“Some were seasoned protesters while others had never slept away from home before,” she said. “They bonded over sing-alongs and games and wheelchair races. There was sex and dope. They had a great time, but they were also being political. They learned the skills of being interdependent. For example, a deaf person would hold the phone for an articulate quadriplegic talking to officials.
“There was a sense of purpose and political awakening as everyone waited for one signature from one government official.”
Section 504 was finally signed into law on April 28, 1977. The protesters left the building in triumph.
“Disabled people felt real pride,” Kudlick said. “Once you were in that setting, you were never the same.”
Neither was America, as the Rehabilitation Act and the 1990 passage of the Americans with Disabilities Act increased accessibility both inside and outside.
“Every single one of you was touched by these events today because any accessible space you have entered – any classroom – is a direct result of (the protest),” she said.
For Kudlick, who has a vision impairment, the story of the Section 504 sit-in “completely transformed my thinking as a scholar.”
“I was at college only 75 miles away from the events that were taking place at the time of the protest,” she said. “But I chose not to know about it because I was busy hiding from my own disability. So in some ways, you might see my efforts over the past five years as rushing to make up for lost time.”
First, Kudlick helped create an exhibition that placed the protest in the spotlight.
“Patient No More: People with Disabilities Securing Civil Rights” took activism “to the next level,” she said, by offering dozens of oral-history interviews and telling stories through themes instead of chronologically. The exhibit, which opened at San Francisco State University in 2015 and is navigable for those who are mobility-impaired, also features a 70-foot mural and “sound poems” and “braille rails” for the visually impaired.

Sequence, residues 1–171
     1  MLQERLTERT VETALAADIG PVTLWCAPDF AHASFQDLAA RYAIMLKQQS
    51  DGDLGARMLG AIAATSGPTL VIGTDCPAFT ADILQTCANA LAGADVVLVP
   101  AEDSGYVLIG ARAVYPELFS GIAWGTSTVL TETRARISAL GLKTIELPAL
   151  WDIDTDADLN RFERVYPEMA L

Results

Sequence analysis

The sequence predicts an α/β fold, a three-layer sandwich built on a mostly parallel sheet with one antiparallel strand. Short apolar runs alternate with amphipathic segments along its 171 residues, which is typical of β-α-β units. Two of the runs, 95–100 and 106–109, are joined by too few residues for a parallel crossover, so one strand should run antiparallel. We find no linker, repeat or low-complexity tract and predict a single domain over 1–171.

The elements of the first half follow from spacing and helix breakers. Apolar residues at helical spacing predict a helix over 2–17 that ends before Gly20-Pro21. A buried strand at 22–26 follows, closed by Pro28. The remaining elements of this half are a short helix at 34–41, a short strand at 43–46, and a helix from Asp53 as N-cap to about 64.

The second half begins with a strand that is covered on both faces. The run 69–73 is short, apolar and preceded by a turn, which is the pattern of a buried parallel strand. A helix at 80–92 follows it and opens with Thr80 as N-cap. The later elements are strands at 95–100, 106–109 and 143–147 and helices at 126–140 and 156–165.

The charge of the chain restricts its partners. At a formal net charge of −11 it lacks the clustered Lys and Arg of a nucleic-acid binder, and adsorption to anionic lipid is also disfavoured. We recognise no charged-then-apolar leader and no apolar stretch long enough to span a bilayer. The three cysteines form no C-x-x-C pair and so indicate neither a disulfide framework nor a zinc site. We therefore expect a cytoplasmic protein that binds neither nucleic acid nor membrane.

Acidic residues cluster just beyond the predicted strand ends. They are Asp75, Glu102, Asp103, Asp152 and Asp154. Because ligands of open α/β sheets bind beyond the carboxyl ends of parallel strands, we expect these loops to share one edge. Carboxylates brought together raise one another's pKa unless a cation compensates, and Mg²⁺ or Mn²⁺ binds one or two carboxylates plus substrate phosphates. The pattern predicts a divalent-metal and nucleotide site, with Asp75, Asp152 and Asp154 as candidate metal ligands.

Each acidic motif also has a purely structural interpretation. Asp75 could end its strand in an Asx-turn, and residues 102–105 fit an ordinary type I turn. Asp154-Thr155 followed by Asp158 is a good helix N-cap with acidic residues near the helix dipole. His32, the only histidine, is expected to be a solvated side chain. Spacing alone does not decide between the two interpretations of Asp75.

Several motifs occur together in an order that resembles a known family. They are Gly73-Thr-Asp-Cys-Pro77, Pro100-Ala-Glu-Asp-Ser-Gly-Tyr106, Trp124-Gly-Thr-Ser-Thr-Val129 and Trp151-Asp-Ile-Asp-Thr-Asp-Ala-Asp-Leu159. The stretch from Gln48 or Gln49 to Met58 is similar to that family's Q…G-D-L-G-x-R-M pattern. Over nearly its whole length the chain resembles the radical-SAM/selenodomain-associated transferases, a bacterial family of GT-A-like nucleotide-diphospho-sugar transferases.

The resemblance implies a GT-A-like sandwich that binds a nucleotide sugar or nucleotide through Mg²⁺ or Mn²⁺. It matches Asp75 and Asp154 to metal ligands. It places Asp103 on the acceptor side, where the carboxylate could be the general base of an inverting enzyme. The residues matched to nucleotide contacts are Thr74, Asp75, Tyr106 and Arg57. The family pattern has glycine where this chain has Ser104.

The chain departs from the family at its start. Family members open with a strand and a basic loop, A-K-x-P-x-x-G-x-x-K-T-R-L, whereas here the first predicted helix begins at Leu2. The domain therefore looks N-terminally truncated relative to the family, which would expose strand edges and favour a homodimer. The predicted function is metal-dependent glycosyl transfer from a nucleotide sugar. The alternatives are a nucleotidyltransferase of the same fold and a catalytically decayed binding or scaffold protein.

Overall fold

“Patient No More” will be on display this summer at the San Francisco Public Main Library.
“From the beginning, we knew that telling the story needed to be interwoven with innovative forms of access so people with a variety of disabilities could visit and not feel excluded by the experience,” Kudlick said.
Kudlick is also working with her students to tell the Section 504 story online at Wikipedia. She considers the project another form of activism.
“Most students – like most adults – knew zero about disability history,” she said. “This mostly stems from a prevailing belief that disability is a biological condition that happens to a few people rather than something that affects many people. … I told my students: ‘Look, you are making history by writing this.’”
The story of the Section 504 Sit-in has also reached high school students in California who are using it in presentations. Kudlick said she hopes even more people can inspire others in the future.
“Maybe there is a young Catherine Kudlick out there in the next generation who will learn about the story sooner, do the activism sooner and create new forms of activism,” Kudlick said.